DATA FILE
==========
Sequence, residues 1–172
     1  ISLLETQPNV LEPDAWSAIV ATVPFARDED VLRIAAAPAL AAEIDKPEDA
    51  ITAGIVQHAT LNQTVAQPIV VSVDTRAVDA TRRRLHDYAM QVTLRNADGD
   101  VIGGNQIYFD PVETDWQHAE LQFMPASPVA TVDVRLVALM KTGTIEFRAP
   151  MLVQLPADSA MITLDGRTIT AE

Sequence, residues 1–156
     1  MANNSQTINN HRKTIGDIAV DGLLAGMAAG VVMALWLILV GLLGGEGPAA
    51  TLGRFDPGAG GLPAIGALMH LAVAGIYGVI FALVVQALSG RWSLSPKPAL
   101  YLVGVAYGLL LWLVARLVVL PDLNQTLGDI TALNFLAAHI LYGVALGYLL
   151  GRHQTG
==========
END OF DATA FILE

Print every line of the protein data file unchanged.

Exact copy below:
Sequence, residues 1–172
     1  ISLLETQPNV LEPDAWSAIV ATVPFARDED VLRIAAAPAL AAEIDKPEDA
    51  ITAGIVQHAT LNQTVAQPIV VSVDTRAVDA TRRRLHDYAM QVTLRNADGD
   101  VIGGNQIYFD PVETDWQHAE LQFMPASPVA TVDVRLVALM KTGTIEFRAP
   151  MLVQLPADSA MITLDGRTIT AE

Sequence, residues 1–156
     1  MANNSQTINN HRKTIGDIAV DGLLAGMAAG VVMALWLILV GLLGGEGPAA
    51  TLGRFDPGAG GLPAIGALMH LAVAGIYGVI FALVVQALSG RWSLSPKPAL
   101  YLVGVAYGLL LWLVARLVVL PDLNQTLGDI TALNFLAAHI LYGVALGYLL
   151  GRHQTG